Miller: Laura Renée Maier, has working on this collaboration with Myriam Marcela changed the way you think about your own work, your solo work?

Maier: Yes, absolutely. I think it’s made me realize how connected we are– that what I create is connected and has an impact on other women and other female-identifying people. That my muse of femininity or this divine feminine that I I tried to express in my work really means something to other people and that’s something that I don’t take lightly. So as much as it is a self expression, I think as an artist our role is also to interpret what is going on in the world and how people are feeling. And that always happens with my collaboration here with Marcela. I’ll be creating from a very personal place, but as soon as I show it to her– as she was I put it out into the world–it suddenly means something so much to someone else and they see so much of themselves in it as well. And I think that’s been a very powerful thing. And also just this kind of the beauty of sisterhood of bouncing ideas off of each other, of learning from each other from her experiences and also her encouraging me like at the very beginning. She was just talking about how much she loves my work. And also this is the story of the fetus that we put on the piece. I had fear around it because I didn’t have a personal experience with that, but I felt like it was something that needed to be said, especially what’s going on in the world right now as far as the Roe v. Wade and her just saying no, we have to say it, you have to do it. That support has been huge for my development creatively.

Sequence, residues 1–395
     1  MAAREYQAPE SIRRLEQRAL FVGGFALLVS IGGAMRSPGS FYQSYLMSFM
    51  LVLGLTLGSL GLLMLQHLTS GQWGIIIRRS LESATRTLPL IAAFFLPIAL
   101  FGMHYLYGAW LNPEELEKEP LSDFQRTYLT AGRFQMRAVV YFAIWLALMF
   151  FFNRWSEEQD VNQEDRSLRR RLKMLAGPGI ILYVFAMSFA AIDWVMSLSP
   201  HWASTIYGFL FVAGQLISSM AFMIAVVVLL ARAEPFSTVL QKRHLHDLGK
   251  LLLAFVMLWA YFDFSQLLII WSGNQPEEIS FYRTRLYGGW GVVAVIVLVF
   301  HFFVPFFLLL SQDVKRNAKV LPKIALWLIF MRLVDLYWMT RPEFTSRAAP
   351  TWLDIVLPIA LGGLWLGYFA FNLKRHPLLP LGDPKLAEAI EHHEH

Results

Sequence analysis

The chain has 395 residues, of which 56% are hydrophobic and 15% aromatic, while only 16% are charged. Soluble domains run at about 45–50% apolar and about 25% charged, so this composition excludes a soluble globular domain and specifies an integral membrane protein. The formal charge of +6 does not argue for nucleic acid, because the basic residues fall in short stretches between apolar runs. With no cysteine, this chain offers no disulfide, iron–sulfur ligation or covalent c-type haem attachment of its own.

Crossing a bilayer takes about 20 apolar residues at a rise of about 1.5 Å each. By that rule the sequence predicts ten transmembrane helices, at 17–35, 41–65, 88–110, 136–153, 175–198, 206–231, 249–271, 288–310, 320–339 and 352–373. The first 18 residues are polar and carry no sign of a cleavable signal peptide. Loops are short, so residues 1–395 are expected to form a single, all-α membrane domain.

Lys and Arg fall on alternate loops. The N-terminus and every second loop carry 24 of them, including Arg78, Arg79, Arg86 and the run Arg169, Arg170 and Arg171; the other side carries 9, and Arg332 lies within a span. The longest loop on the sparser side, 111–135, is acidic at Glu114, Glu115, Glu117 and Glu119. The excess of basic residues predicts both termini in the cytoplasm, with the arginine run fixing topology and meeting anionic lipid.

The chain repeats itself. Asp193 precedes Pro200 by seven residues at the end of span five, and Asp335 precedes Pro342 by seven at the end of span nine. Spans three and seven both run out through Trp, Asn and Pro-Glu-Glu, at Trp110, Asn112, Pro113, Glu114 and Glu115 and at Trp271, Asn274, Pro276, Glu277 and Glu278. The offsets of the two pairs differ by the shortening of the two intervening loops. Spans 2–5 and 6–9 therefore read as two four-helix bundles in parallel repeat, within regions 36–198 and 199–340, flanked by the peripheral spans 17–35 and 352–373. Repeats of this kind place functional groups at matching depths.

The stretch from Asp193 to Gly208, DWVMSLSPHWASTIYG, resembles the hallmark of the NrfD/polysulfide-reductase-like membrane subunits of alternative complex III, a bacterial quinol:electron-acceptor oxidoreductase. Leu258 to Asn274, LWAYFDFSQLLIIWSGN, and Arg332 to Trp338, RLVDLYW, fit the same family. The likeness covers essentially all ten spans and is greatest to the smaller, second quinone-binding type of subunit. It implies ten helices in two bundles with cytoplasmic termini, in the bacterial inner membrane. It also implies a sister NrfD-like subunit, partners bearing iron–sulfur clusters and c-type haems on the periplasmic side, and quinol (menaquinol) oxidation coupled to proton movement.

Miller: Laura, Renée Maier and Myriam Marcela De Anda, thanks very much.

Maier: Thank you. David,

De Anda: Thank you so much for having us.